Trademark Law and Practice, Pages 121–126

Abercrombie & Fitch Co. v. Hunting World, Inc.

United States Court of Appeals for the Second Circuit, 1976


Plaintiff used the "Safari" registered trademark for almost 60 years quite successfully and formerly prosecuted cases successfully on it. Defendant also used the term for its clothing, so plaintiff sued. Defendant counterclaimed.

Procedural History:

District court dismissed plaintiff's complaint and cancelled all of plaintiff's "Safari" trademarks.


What class of terms do plaintiff's "Safari" trademarks fall under and can it enforce them against defendant?

Defendant's Argument:

The word "safari" is a generic, descriptive word understood by the public and is therefore not subject to the exclusivity of a trademark.


  • There are four classes of terms in regards to trademark protection. In order of ascending protection, they are:

    1. Generic
      • This means that it is the "common descriptive name" and affords no exclusive right to the mark.
    2. Descriptive
      • This means that it is "merely descriptive" and allows registration if there is "proof of substantially exclusive and continuous use of the mark applied to the applicant’s goods for five years preceding the application". (If it acquires a secondary meaning.)
    3. Suggestive
      • This means that it "requires imagination, thought, and perception to reach a conclusion as to the nature of goods" and is entitled to registration without proof of secondary meaning.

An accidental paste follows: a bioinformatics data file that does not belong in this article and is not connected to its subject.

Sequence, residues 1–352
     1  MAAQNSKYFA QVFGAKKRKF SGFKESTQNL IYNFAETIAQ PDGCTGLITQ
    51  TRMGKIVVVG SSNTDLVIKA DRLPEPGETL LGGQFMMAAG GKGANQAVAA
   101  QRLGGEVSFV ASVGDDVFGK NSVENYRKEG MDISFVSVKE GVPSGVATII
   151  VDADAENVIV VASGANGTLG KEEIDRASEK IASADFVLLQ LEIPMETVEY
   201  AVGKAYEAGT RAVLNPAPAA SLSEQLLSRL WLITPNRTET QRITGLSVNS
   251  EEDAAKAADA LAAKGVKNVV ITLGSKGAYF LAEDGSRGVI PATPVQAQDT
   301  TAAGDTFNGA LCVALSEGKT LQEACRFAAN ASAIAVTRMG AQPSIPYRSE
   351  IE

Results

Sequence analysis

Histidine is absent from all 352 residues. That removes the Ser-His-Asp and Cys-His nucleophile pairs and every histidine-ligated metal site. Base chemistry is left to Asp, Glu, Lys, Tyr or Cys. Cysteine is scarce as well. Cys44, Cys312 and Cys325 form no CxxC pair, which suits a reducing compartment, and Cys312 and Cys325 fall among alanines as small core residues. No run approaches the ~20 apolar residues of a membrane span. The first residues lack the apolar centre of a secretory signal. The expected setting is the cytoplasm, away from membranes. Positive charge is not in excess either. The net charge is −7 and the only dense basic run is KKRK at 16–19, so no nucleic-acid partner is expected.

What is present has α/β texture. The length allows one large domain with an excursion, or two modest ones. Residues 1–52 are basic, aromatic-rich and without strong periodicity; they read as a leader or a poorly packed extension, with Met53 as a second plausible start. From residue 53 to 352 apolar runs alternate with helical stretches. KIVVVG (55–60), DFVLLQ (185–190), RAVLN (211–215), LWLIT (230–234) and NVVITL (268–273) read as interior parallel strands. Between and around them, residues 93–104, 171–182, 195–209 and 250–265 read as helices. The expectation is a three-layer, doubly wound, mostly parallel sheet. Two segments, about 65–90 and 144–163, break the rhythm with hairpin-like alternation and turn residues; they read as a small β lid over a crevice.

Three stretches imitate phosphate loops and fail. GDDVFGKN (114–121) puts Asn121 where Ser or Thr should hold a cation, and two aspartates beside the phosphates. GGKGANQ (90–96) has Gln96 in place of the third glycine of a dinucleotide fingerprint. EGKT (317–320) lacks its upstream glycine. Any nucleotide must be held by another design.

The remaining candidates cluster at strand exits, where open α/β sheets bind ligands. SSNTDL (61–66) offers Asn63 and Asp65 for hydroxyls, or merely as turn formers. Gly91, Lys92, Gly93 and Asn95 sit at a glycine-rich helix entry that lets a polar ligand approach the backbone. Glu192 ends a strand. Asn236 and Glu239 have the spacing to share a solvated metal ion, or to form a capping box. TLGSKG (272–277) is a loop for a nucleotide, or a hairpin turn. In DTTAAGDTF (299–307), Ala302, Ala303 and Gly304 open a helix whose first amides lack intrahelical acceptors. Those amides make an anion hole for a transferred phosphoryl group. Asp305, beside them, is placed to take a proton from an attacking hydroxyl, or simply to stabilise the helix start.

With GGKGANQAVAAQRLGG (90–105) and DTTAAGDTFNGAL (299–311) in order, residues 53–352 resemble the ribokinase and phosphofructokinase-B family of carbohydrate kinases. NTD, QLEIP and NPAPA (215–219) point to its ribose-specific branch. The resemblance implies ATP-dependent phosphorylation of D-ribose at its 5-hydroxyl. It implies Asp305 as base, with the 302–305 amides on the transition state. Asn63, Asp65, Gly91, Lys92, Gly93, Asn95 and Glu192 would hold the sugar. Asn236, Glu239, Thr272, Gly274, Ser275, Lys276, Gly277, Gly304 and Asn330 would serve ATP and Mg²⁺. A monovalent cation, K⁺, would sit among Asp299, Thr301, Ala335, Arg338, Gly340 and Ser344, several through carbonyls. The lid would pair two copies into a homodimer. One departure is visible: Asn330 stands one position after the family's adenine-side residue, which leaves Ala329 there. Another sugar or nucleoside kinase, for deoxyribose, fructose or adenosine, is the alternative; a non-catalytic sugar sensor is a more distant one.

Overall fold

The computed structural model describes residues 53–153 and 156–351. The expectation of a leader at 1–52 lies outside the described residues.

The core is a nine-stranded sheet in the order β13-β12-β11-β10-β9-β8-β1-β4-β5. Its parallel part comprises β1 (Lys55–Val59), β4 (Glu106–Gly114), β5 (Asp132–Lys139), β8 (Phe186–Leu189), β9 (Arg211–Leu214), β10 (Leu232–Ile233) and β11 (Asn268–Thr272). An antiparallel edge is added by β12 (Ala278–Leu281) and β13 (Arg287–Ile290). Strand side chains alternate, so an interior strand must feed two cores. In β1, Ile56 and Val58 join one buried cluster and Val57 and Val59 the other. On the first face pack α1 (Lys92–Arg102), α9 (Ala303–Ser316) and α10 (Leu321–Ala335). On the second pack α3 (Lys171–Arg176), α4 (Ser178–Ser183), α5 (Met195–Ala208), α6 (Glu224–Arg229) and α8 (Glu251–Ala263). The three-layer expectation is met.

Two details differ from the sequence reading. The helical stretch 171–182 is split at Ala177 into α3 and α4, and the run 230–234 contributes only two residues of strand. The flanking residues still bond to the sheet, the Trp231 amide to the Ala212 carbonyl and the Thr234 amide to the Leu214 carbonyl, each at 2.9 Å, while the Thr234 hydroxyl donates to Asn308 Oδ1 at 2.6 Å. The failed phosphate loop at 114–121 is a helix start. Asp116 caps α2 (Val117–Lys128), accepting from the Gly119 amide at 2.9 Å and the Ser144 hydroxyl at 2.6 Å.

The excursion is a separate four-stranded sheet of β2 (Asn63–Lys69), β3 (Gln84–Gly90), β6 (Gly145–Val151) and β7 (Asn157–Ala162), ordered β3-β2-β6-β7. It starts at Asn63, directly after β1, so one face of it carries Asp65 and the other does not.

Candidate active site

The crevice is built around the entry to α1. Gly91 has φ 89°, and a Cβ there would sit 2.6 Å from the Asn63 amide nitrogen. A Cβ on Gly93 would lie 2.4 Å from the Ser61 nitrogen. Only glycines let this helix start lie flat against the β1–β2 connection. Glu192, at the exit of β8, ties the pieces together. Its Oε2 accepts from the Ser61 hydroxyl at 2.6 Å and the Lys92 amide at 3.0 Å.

4. Arbitrary/Fanciful
  • Generic terms referring to the type of product rather than the product cannot be trademarked, even if they acquire secondary meanings.

  • Marks can shift between classes as language changes. If they become the common descriptive name of an article or substance, the trademark can be cancelled.


"Safari" has become a generic term for certain clothing items. "Safariland" is permissible because of its focus on selling these genericized goods. This is not the case for footwear, where it is either "suggestive" or "merely descriptive" and therefore incontestable. However, defendant had longer names for its footwear, like "Camel Safari" or "Hippo Safari." As defendant's parent company embarks on African safaris, this could be justified fair use by being named such to associate it with the trips.


Some of plaintiff's trademarks were generic and some were suggestive. Regardless, it cannot enforce them against defendant. Affirmed and modified.